While Milwaukee hip-hop artist Karl "Oye" Iglesias preps the Milwaukee performance of his one-man show, he also celebrates the release of his "In My Mind" EP. At the same time, Iglesias has signed a deal with Chicago's InkRed Clothing.
"In My Mind," released under the moniker Oye, is a five-track introduction to Milwaukee's Latin hip-hop scene. Mostly in English, but with forays into Spanglish, Iglesias delivers poetic rhymes drawn from his own experience with production delivered by Klassik.
Later this year, Iglesias plans to perform his one-man show, "If a Tree Falls," here in Milwaukee. He's performed it in New York City, and he says it is an excerpt of a longer work that explores machismo and misogyny in Puerto Rican culture and features all female characters.
Iglesias is a busy man but he made some time to tell OnMilwaukee.com what's up.
OnMilwaukee.com: This is your recorded debut, but obviously you've been doing this for a while. Tell us how you got started and how you got to where you are at this point in your career?
Karl Iglesias: Well, I started off writing poetry and still have a big passion for the craft. I began working with Dasha Kelly and the Still Waters Collective in the spoken word scene around Milwaukee.
After my graduation from (Rufus) King High (School), I was then presented with the opportunity to apply to the First Wave Hip Hop Theater Ensemble at the University of Wisconsin. They help pay my tuition, give me incredible training, resources, and have become a family to me on campus. I started writing rhymes as soon as I got to the university and never looked back.
I began preparing and conceptualizing the EP with the help of Milwaukee producer Klassik, who composed all the musical arrangements on the project. He's a very incredible and talented musician. The collaboration felt almost effortless, and I feel like that relationship shows in the record.
OMC: Is there a big and vibrant Puerto Rican hip-hop scene in Milwaukee these days?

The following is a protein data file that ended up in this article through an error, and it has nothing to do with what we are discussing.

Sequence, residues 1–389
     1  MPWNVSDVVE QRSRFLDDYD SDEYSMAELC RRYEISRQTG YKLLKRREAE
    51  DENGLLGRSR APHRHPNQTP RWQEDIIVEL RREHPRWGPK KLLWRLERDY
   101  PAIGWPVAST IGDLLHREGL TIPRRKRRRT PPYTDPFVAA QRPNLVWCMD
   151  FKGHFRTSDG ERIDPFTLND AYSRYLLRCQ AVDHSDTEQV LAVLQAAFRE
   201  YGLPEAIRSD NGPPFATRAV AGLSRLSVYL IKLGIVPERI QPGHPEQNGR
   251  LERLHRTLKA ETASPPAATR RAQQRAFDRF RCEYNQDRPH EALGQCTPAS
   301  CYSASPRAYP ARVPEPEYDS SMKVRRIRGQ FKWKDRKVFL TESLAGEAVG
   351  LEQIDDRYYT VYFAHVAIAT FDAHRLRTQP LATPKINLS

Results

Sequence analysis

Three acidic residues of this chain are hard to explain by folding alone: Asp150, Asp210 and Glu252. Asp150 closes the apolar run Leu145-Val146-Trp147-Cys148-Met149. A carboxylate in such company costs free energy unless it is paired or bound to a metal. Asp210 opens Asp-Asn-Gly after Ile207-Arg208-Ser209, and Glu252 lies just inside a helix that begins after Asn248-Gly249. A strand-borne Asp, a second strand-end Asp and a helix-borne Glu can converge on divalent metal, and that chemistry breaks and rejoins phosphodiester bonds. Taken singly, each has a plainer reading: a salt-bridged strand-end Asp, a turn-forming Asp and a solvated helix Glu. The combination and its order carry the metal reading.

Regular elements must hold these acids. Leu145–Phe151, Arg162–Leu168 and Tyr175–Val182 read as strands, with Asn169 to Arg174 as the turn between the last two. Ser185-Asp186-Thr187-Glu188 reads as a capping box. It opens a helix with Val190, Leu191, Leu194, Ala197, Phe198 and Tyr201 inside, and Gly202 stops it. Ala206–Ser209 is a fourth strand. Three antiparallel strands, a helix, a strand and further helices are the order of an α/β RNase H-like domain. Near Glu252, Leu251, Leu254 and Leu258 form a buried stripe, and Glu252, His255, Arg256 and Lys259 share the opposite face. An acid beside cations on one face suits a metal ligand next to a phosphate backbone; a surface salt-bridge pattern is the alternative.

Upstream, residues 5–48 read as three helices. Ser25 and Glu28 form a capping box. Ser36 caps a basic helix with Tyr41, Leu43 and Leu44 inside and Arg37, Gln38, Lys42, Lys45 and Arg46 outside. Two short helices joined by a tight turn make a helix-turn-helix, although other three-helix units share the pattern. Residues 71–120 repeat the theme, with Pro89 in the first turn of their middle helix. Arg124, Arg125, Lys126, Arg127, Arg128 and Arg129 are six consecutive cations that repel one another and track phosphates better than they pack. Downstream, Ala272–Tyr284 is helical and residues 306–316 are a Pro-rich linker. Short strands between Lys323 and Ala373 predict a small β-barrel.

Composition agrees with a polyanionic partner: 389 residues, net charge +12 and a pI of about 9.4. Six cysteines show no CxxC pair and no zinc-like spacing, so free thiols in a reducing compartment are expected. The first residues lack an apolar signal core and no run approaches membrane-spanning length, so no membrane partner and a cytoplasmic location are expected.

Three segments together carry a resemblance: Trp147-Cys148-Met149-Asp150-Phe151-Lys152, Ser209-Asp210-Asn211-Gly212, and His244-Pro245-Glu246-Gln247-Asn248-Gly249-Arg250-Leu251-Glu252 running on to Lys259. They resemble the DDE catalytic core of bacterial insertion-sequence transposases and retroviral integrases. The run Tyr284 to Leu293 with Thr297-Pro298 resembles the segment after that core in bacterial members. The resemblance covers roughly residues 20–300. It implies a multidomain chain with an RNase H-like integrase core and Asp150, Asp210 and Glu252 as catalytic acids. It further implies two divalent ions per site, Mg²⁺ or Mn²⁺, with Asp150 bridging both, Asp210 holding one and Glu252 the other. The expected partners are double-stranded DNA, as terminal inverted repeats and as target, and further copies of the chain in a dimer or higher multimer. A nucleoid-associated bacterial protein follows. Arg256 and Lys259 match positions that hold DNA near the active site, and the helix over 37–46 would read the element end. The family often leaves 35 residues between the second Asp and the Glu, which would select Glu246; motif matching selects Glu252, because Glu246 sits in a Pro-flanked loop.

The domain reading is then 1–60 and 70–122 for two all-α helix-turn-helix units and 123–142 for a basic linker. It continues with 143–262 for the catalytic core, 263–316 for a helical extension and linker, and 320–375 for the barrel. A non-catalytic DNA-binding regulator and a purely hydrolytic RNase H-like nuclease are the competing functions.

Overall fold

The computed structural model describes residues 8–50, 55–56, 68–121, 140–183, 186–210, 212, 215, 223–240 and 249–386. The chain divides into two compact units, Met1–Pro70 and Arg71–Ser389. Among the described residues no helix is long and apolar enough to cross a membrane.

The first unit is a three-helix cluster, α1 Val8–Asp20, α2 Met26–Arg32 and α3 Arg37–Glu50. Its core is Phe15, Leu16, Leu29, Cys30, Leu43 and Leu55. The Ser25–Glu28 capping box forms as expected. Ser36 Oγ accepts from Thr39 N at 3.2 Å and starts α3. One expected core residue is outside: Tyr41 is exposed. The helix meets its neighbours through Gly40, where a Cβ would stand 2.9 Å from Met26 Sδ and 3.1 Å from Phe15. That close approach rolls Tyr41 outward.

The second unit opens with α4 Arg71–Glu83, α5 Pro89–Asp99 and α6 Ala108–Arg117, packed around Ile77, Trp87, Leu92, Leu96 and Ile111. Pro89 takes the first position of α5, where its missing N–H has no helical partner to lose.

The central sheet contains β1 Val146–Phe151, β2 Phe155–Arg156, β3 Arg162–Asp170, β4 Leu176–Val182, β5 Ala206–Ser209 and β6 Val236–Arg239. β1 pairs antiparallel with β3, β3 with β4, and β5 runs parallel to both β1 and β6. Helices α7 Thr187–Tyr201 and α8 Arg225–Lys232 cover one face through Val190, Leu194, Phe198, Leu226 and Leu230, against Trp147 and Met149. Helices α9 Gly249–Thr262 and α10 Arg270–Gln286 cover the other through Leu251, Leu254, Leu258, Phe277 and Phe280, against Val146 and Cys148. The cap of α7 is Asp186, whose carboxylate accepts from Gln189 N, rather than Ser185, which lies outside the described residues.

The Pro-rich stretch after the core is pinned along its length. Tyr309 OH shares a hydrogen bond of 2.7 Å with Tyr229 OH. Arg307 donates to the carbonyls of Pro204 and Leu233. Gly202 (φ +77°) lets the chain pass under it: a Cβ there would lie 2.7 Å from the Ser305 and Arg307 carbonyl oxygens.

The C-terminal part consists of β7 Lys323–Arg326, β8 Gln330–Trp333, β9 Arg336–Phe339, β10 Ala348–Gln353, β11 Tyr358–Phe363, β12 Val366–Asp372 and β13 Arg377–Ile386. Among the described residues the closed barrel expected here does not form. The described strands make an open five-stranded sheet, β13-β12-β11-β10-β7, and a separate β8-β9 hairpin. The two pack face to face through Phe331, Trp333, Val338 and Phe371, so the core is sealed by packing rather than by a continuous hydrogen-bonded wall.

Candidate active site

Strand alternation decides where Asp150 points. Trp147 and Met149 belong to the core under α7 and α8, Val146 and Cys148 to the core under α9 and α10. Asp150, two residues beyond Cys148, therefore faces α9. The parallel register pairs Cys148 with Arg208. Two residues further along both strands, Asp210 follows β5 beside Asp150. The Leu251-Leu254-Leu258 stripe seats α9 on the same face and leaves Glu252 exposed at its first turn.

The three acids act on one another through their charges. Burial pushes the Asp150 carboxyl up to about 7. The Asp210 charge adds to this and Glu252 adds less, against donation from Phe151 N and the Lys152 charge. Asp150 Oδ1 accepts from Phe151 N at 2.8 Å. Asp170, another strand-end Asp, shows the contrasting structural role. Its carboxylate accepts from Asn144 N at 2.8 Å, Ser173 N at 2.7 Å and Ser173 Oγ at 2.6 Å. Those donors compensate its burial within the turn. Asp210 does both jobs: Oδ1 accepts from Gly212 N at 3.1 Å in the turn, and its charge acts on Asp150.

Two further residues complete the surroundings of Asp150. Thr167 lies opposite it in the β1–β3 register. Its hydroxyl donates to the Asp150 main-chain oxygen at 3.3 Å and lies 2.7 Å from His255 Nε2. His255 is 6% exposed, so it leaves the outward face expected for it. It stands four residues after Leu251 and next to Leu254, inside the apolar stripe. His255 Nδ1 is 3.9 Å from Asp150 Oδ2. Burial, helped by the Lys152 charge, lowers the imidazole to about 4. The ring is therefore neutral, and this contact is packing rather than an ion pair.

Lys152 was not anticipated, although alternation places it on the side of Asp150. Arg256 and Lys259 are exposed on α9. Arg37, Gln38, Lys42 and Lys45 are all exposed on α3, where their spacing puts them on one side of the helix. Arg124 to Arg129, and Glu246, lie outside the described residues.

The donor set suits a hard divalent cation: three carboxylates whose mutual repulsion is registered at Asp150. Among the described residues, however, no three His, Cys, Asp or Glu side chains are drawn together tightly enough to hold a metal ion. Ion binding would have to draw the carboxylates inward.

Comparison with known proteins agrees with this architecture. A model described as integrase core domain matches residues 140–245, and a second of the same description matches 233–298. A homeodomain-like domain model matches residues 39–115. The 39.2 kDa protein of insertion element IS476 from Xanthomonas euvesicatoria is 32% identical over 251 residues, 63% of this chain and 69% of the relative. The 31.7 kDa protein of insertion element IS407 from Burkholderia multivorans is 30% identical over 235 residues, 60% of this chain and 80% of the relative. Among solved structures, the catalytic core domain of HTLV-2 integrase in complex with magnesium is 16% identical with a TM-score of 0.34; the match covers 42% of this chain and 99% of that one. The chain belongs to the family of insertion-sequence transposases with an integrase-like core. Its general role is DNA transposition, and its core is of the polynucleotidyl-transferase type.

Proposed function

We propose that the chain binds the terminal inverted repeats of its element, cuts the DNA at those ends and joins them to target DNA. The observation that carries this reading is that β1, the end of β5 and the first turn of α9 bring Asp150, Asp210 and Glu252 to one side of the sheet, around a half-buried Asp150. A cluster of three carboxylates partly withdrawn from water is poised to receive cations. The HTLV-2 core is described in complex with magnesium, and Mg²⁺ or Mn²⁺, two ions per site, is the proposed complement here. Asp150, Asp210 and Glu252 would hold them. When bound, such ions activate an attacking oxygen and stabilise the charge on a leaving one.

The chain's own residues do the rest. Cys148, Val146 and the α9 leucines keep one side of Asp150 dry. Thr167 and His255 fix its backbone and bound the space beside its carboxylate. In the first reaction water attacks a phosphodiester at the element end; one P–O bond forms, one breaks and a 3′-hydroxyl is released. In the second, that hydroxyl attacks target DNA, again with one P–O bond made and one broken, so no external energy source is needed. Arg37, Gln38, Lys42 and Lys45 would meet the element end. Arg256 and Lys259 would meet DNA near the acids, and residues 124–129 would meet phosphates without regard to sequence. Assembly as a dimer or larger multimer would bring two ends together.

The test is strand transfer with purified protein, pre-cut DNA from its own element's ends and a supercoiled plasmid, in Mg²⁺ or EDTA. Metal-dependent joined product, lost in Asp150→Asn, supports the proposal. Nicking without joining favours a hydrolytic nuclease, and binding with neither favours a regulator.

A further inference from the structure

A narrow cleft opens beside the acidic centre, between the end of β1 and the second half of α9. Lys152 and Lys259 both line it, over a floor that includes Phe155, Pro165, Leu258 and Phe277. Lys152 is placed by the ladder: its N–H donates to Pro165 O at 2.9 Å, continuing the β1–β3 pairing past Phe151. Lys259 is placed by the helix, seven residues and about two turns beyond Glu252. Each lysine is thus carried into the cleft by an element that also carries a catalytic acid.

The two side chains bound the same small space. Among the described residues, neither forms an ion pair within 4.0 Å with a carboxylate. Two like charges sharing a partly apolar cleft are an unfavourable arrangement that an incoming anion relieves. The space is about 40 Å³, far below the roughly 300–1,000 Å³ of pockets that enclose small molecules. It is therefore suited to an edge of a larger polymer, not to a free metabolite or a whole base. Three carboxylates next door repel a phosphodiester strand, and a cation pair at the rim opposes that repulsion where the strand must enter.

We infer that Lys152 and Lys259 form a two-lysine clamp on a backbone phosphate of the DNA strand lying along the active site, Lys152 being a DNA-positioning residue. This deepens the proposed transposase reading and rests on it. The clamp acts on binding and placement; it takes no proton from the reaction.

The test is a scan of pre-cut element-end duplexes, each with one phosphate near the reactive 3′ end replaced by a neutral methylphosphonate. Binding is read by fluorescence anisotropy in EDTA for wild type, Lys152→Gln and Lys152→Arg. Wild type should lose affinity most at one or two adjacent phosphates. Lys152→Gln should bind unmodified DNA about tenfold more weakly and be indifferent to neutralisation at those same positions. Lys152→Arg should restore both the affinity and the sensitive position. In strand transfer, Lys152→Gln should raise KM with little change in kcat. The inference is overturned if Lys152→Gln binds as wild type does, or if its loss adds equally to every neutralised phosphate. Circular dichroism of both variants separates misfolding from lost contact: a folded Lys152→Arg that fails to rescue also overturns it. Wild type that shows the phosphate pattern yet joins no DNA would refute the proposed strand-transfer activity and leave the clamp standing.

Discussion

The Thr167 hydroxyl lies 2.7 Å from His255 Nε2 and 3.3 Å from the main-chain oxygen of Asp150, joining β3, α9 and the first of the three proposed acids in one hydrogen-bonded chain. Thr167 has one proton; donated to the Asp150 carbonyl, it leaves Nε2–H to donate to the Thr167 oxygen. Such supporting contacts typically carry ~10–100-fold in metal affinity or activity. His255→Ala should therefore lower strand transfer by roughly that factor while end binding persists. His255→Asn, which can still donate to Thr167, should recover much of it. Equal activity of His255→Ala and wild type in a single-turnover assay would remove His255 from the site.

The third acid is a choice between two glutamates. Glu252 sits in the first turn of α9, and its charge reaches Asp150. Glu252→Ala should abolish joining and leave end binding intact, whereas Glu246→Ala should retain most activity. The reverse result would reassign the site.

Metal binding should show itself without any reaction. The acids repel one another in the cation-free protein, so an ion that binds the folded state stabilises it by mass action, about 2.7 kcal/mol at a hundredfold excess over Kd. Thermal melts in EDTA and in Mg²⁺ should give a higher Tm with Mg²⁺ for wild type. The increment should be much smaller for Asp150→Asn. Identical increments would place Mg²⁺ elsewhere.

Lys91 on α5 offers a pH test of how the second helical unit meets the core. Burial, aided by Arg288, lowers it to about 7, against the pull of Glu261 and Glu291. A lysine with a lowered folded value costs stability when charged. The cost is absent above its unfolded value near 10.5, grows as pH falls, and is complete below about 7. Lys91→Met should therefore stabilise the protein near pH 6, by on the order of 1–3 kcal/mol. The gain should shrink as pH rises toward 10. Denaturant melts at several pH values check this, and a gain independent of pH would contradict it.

KI: There's not a big Latin@ (both Latino and Latina) hip-hop scene in the nation and I feel like that reflects on Milwaukee, as well. I've always had a strong pride in my city as well as my culture and as I artistically mature, I realize that I have a responsibility to represent them both; I just want to do it well. Latin@'s have always had a huge part in the birth and pride of hip-hop culture; I'm just a voice trying to remind and perpetuate that.
Milwaukee, as a city, is pretty segregated, and so is its music scene. The thought of breaking down those walls is daunting and defining as well. But where I'm at right now, I just want to tell my story and continue representing my culture -- hip-hop, Puerto Rican, Milwaukee -- to the best of my abilities.
OMC: Let's talk a bit about the EP. Where do you get your lyrical ideas? Are your rhymes autobiographical?
KI: The lyrical ideas come from various influences in music. You'll notice I like to use Spanglish in my rhymes because that's a big part of who I am as well. The EP takes you literally "In My Mind" briefly and gives you a quick depiction of a young musician dreaming of doing his craft as a career, how that effects the relationships that he's in, the birth of an ego, retaliation towards the nonbelievers and ending with a taste of where I am now.
I feel like anything I write -- plays, poems, music -- represents me and is autobiographical in various ways. I wanted to make sure that my audience gets a feel for who I am without being overwhelmed.